I recently attended two major animal protection meetings. First was the Performing Animal Welfare Society (PAWS) Captive Wildlife Conference in Burbank, CA, where prominent scientists, veterinarians and advocates came together to discuss the ongoing effort to end the exploitation of captive and wild animals.
The second was the Animal Grantmakers Annual Conference in Phoenix, AZ, where topics spanned the spectrum from homeless dogs and cats to marine mammal captivity.
At both meetings, I was struck by the stark contrast between the improving situation for homeless dogs and
In a September 4, 2014, guest column titled “SeaWorld Responds” published in Florida Today, SeaWorld veterinarian Dr. Chris Dold said:
“[I] can unequivocally state that our whales, along with every other animal in our parks, are thriving, both mentally and physically.”
But how do you define “thriving”? According to Thomas White, who teaches ethics at Loyola Marymount University:
“Full, healthy growth and development of the traits, skills and dispositions that allow a being to have a satisfying and successful life as a member of that species.”
I just returned from the Performing Animal Welfare Society (PAWS) Captive Wildlife Conference in Burbank, CA, where prominent scientists, veterinarians and advocates converged to discuss the ongoing effort to end the exploitation of captive wildlife.
The first day was dedicated to presentations on elephant welfare in zoos and circuses and the critically important role sanctuaries continue to play in getting captive elephants out of exploitive and abusive situations and into a more naturalistic and caring setting. There are only a handful of legitimate elephant sanctuaries
Kimmela Center Director Lori Marino participated in a recent colloquium of scientists to discuss nonhuman communication research and the evolution of intelligence.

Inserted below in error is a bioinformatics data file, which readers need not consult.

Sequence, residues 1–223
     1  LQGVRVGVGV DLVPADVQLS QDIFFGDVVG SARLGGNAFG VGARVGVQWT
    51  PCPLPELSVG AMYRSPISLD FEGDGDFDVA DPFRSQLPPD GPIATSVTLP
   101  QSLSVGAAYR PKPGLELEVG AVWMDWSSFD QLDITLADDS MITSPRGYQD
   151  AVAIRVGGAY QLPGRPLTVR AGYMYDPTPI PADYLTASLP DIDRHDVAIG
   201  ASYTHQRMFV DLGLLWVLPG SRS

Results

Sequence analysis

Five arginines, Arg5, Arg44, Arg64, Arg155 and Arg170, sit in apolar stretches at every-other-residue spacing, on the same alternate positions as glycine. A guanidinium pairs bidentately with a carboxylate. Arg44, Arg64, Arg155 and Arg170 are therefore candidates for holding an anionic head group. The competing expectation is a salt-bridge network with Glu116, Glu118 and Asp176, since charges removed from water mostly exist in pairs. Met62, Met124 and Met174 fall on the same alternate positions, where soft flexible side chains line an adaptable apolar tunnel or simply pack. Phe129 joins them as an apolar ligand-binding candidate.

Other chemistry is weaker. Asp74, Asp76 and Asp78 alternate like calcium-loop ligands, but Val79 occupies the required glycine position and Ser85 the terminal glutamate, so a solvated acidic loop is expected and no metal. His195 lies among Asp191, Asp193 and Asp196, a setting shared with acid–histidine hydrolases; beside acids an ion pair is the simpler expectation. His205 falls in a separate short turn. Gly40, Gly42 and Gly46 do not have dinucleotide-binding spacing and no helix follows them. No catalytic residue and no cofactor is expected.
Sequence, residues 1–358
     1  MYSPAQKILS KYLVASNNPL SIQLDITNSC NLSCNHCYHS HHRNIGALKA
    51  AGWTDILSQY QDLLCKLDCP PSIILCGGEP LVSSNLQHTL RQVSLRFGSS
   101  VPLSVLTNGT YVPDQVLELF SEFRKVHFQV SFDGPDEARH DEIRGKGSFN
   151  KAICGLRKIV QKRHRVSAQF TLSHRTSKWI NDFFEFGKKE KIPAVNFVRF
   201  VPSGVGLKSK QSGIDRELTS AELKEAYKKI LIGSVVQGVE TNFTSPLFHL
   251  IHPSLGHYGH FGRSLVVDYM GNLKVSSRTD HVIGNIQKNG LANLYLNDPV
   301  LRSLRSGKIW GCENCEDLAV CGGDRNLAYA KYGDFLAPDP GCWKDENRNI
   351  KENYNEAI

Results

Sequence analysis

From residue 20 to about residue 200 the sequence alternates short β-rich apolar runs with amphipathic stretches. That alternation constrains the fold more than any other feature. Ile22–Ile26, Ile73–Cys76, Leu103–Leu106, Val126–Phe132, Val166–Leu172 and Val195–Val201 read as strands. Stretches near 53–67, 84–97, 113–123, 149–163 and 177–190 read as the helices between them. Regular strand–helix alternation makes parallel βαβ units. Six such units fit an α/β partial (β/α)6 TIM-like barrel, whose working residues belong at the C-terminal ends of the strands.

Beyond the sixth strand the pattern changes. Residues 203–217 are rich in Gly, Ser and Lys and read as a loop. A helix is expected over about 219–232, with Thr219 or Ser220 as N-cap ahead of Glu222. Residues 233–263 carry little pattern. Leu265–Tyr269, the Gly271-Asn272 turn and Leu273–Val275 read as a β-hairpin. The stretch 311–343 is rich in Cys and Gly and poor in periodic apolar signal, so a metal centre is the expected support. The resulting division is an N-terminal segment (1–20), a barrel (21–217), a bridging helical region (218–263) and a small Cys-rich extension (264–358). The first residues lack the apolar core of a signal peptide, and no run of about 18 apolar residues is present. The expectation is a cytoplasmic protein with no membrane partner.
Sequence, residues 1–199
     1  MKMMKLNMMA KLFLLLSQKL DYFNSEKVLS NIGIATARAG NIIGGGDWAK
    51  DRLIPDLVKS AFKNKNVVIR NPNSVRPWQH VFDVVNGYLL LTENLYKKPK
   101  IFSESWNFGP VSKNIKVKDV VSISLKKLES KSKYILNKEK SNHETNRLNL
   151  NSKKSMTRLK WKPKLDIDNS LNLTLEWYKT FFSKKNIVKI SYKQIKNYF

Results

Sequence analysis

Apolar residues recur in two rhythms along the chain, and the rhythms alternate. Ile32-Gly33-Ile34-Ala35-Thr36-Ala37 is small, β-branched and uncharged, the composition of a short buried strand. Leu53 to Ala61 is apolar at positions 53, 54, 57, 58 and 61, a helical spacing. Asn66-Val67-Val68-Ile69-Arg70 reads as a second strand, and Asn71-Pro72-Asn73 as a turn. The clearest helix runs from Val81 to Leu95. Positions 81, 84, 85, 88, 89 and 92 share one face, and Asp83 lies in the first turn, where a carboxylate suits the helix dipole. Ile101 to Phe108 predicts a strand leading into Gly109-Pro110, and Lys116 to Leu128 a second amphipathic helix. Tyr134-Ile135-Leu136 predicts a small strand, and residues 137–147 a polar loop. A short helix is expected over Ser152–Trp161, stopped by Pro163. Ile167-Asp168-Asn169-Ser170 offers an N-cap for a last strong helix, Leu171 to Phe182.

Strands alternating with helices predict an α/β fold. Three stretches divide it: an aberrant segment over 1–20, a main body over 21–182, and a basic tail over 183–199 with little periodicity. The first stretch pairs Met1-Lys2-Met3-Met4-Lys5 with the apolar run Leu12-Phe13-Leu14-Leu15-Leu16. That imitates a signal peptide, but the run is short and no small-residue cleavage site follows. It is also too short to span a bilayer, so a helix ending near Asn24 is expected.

The meeting, which was held at The SETI Institute in Mountain View, California, on October 20-21, included discussion of new methods of exploring nonhuman animal complex communication systems on Earth that may provide insight into and tools for exploring potential future assessments of life on other planets.
Participants also presented a summary of the workshop at a public forum at the Institute. You can find
We are in the midst of a public awakening, of a sort, about climate change, with hundreds of thousands of protestors taking to the streets this past Sunday, and TV hosts interviewing celebrity guests as the United Nations prepared to hold its annual summit on the topic. But few people have been talking about the elephant in the room – or, more appropriately, the cow.
People typically point to the global transportation industry as the largest culprit in climate change. But factory farming is an even
On April 8th, at the California legislature, the Orca Welfare and Safety Act went before the Water, Parks, and Wildlife Committee. Passage of the bill would require the phasing out of captive breeding of orcas and their continued use for entertainment purposes.
After hearing testimony from scientists and advocates for the orcas, including from Dr. Naomi Rose of the Animal Welfare Institute and Dr. Deborah Giles of University of California, Davis, and then from SeaWorld officials and lobbyists, the committee requested an interim study and undertook to revisit